In these tight times, it's unfathomable that a public agency would knowingly waste $30,000 a month.
Yet that's just what appears to be happening here in Sonoma County, where a bureaucratic dispute over the lease for a compost producer at the central landfill is siphoning money from [NEWS_00]the pockets of local ratepayers at the rate of about $1,000 a day.
It's not only unfathomable, it's unacceptable, and it ought to be addressed right away.
However, there's little evidence that county officials are in any particular hurry to clean up this mess of their making.
While all sides agree on the amount of money involved, the details of the conflict are almost as opaque as the dark mounds of compost at the Mecham Road landfill.
As reported Sunday by Staff Writer Jeremy Hay, the primary players are Sonoma County and the Waste Management Agency, which operates the county-owned landfill and is jointly operated by the county and local cities.
In turn, the waste agency leases space at the landfill to Sonoma Compost, a company that processes lawn clippings and other organic waste collected from local ratepayers.
Under a five-year lease extension, the agency and its ratepayers stand to save $30,000 a month.
OK, so far, so good.
When the lease came before the agency board on June 20, the vote was 9-1 in favor, with Sonoma County's representative casting the lone "no" vote. But because the Waste Management Agency's rules required the vote to be unanimous, the contract was rejected.
Lacking votes to extend the lease, the existing agreement was extended for four months.
And over those four months, as Windsor Town Manager Matt Mullan, a waste agency board member, said, "we are going to spend $120,000 more than we have to."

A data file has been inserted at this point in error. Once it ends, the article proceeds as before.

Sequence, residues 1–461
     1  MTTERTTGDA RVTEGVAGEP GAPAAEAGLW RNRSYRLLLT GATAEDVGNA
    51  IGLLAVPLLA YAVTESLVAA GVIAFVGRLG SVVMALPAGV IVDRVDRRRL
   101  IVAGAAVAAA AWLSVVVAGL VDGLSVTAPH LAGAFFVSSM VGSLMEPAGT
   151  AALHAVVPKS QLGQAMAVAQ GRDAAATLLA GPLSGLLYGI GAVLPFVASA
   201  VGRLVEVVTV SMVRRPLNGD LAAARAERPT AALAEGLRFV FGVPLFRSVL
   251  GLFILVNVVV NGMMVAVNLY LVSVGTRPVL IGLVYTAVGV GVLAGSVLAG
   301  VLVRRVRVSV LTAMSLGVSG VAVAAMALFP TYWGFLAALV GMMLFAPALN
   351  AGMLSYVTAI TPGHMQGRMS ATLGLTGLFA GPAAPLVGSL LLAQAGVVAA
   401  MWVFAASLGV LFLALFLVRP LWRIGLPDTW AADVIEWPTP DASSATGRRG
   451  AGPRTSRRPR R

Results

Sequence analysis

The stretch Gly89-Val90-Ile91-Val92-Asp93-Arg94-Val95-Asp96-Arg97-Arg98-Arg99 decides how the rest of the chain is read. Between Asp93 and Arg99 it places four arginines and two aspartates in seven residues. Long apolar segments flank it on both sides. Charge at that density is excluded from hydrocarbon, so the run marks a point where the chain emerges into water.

"Each city is going to bear that burden, and the county," Mullan said.
County officials say they didn't have enough time before the vote to review the lease for the compost operator at the landfill. They say there are liability and indemnity issues to be worked out and that the compost company's space may be needed for landfill operations before its lease would expire in 2017.
But other board members were ready to vote, and the agency's director says the county had several months to raise its concerns.
"They actually recommended the model to us so there was a dialogue that took place," Henry Mikus, the waste agency's executive director, told Hay. "It's not like they were ambushed; the fact that a new lease came was not a surprise."
Supervisors Mike McGuire and David Rabbit told Hay there are critical issues to be reviewed, but there has yet to be any clear explanation of why the county didn't do so before the waste agency scheduled the vote.
Where are we left? Well, the meter is running, and Sonoma County ratepayers are footing the bill.